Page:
Riding shotgun in a Toyota 4Runner rigged with a carbon-fiber pipe and a spectrometer, Duke University researcher Rob Jackson trolled through Washington, D.C., searching for evidence that natural gas is not quite the climate champion President Obama claimed last month.
He was replicating a study he did in Boston, measuring leaks from creaky natural-gas pipes. In addition to being a possible safety risk, methane, the key component of natural gas, is 25 times as potent a greenhouse gas as carbon dioxide. And leaks may undercut much of the climate benefits of gas.
“First and foremost this is a greenhouse-gas question,” Jackson said as he drove near the Capitol. “What we are trying to find out is how big a problem this is for cities.”
In a climate plan released with a speech at Georgetown University on June 25, Obama called for an accounting of leaks across the natural-gas production and transport sector. The address was mostly upbeat for gas, highlighting the benefits of shifting from coal, and shares of gas companies such as Chesapeake Energy and Cabot Oil & Gas rose.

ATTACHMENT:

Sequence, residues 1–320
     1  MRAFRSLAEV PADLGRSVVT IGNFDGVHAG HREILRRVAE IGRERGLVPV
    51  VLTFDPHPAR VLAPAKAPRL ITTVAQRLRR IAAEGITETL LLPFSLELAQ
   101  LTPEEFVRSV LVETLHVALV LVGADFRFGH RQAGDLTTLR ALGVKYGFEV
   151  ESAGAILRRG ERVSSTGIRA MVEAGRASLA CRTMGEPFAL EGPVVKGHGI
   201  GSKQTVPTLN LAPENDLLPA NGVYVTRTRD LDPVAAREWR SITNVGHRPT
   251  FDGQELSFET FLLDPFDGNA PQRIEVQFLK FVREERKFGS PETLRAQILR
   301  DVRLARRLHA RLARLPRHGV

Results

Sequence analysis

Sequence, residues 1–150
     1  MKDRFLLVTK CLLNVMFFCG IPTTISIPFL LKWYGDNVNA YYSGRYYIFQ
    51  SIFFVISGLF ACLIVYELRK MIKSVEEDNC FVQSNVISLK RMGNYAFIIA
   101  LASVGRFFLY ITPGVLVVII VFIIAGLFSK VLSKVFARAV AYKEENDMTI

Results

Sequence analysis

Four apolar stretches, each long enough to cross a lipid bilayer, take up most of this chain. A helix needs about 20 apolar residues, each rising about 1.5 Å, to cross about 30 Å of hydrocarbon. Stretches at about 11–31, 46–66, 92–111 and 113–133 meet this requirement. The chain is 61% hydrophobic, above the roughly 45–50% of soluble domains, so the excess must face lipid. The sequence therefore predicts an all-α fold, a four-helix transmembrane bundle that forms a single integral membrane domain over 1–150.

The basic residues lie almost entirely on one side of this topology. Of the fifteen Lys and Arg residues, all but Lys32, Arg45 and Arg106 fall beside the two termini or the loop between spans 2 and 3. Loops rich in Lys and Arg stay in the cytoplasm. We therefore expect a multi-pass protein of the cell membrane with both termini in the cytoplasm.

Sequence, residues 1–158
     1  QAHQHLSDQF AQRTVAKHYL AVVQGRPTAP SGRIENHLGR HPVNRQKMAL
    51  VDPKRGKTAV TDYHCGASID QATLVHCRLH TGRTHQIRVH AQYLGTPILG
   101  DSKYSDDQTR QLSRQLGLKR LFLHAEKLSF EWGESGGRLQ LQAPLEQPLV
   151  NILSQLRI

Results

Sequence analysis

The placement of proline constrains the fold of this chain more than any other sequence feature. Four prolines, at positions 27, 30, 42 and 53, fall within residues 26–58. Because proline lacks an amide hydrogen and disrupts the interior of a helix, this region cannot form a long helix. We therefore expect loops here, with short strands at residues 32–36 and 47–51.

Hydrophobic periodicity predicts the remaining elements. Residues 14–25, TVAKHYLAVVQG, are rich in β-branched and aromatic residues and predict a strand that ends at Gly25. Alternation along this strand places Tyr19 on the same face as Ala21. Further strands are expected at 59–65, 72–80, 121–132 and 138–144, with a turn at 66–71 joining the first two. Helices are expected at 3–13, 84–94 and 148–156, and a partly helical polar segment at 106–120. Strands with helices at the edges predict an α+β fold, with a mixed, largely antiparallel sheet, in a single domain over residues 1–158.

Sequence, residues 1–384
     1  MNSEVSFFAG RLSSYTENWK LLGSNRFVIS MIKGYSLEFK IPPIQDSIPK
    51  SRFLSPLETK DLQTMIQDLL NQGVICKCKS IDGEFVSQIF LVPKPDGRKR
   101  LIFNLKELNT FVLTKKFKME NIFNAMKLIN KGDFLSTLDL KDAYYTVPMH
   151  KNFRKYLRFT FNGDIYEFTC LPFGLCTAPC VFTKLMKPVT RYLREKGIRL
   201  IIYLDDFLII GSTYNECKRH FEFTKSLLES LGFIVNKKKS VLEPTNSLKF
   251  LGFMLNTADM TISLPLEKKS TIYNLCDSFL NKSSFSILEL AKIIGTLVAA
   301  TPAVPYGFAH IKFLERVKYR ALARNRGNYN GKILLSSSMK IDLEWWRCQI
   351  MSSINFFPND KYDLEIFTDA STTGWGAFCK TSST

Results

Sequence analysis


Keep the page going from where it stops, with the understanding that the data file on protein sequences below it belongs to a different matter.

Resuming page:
Most Read Business Stories
- 55,000 in Washington state may have to pay back thousands in jobless benefits
- 1 house, 45 offers: Homebuyers in Western Washington hard-pressed as supply remains scarce
- Boeing CEO gave up millions in pay; here's what he and other top execs earned
- Jeff Bezos gets fraction of legal fees from girlfriend’s brother
- Highlights of the $1.9T COVID bill nearing final passage
“We should strengthen our position as the top natural-gas producer because, in the medium term at least, it not only can provide safe, cheap power, but it can also help reduce our carbon emissions,” Obama said. “It’s the transition fuel that can power our economy with less carbon pollution.”
Included in the fine print of the White House climate plan, however, are measures that could complicate the industry’s growth, such as a closer look at the scope of leaks from gas wells, pipelines and compressor plants. Depending on what it finds, new regulations could be imposed.
Obama also called for new and upgraded pipelines to reduce leaks. And an “interagency methane strategy” was announced to get a better handle on emissions data and identifying technologies and opportunities to cut them.